http://www.solutionsinmetal.com/

 
Reply With Quote
Old 07-06-2008, 04:46 PM   #2
FlyGuy
 
FlyGuy's Avatar
Recipes 
 
Jan 2007
Calgary, Alberta
Posts: 3,605
Liked 178 Times on 51 Posts


Do you normally get a positive indication of full conversion when using iodine? Is it that this one brew is behaving differently? If so, tough call.

I stopped doing an iodine conversion test because I found it terribly unreliable (lots of false negatives).

Try recirculating until you get clear wort, then take an iodine test. Sometimes husk material or other suspended junk will really throw off the test.

 
Reply With Quote
Old 07-06-2008, 04:54 PM   #3
Donasay
Recipes 
 
Oct 2007
Boston
Posts: 1,567
Liked 8 Times on 8 Posts


I do normally get indication, but I have no way of knowing false positive or false negative, I have gotten positive starch conversion after 30 minutes on previous batches, and sometimes it takes 2 hours.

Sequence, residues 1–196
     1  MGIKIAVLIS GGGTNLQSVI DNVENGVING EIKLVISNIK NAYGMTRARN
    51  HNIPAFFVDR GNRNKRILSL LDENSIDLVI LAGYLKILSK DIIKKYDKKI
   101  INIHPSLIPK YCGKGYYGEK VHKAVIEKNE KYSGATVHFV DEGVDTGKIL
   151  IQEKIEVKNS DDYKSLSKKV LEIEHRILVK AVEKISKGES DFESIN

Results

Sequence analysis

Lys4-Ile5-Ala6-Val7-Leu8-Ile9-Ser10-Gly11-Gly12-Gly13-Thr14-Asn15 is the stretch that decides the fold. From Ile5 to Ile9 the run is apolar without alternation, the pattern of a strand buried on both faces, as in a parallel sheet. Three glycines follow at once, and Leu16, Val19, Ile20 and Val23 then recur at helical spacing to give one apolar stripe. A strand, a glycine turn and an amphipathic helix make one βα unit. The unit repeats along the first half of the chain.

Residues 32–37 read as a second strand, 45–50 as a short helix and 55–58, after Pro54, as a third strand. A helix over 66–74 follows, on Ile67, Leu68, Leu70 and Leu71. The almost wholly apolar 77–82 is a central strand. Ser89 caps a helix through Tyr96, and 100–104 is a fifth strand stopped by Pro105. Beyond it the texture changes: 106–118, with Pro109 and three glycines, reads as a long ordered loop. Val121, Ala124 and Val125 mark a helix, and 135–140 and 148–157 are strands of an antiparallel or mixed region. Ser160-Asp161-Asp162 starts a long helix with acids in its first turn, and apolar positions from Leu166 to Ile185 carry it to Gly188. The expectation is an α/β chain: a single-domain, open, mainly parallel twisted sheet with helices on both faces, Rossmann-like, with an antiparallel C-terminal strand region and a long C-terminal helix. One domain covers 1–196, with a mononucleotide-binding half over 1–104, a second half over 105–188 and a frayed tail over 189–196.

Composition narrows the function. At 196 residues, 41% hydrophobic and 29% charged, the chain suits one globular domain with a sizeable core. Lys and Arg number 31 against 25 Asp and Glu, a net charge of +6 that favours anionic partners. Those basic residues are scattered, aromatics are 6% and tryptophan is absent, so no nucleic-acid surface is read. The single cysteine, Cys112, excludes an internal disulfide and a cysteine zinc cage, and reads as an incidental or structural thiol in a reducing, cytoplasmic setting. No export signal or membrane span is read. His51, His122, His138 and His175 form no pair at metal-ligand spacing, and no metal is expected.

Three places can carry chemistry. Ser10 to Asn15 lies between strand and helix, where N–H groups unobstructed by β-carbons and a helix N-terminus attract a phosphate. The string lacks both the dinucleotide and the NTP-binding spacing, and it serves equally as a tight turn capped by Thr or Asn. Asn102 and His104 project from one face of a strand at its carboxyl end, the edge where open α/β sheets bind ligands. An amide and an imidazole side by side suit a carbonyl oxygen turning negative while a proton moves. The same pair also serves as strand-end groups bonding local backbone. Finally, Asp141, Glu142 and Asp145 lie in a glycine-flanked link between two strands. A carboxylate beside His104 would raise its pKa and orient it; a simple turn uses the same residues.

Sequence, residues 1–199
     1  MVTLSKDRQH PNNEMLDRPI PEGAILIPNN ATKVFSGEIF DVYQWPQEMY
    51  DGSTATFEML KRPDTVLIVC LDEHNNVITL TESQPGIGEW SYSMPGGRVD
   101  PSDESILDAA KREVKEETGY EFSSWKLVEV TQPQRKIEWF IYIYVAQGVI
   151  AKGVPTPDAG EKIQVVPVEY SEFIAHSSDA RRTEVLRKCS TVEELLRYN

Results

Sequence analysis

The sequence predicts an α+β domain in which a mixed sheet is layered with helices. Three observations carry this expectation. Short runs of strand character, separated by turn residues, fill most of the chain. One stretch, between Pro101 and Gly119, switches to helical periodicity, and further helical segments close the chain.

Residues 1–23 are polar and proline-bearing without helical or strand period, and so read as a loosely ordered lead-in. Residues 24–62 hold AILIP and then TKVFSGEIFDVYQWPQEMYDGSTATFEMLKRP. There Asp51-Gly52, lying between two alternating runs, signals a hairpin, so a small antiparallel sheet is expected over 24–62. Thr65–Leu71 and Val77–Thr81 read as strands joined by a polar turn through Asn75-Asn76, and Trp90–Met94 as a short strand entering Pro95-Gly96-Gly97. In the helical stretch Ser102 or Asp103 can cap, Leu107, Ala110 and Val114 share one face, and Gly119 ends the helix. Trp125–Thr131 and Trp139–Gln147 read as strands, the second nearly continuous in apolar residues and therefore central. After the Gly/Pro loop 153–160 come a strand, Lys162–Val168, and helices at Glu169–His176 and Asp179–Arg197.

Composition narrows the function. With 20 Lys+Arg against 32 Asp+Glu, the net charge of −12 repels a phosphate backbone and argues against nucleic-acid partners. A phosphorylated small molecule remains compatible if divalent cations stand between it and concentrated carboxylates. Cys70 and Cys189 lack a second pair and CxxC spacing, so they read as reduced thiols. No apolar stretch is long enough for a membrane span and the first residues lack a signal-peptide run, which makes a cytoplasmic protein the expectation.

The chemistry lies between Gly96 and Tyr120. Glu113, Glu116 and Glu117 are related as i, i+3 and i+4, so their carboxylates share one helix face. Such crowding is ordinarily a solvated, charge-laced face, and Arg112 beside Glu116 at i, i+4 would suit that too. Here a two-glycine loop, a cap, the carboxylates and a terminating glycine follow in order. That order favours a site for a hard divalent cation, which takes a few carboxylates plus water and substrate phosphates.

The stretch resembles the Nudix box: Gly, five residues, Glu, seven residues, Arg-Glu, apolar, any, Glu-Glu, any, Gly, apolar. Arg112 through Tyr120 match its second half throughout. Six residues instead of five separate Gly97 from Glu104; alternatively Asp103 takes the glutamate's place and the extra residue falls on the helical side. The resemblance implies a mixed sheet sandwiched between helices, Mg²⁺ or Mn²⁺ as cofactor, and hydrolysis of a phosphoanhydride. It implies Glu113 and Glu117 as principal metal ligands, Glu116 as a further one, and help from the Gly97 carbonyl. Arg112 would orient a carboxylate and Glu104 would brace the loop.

__________________
No matter how rich you are, you can still only drink 16 or 17 liters of beer a day.

Quote:
Originally Posted by quixotic View Post
The true definition of an addiction: not stopping even when a dog is having his way with you.:D
http://www.solutionsinmetal.com/

 
Reply With Quote
Old 07-06-2008, 04:57 PM   #4
Joe Camel
Recipes 
 
Mar 2008
Charlottetown, PE, Canada
Posts: 284
Liked 3 Times on 3 Posts


120 degree dry heat while the grain is dried is not the culprit, the malt is kiln dried at temperatures hotter than this for longer times before it's sold to you.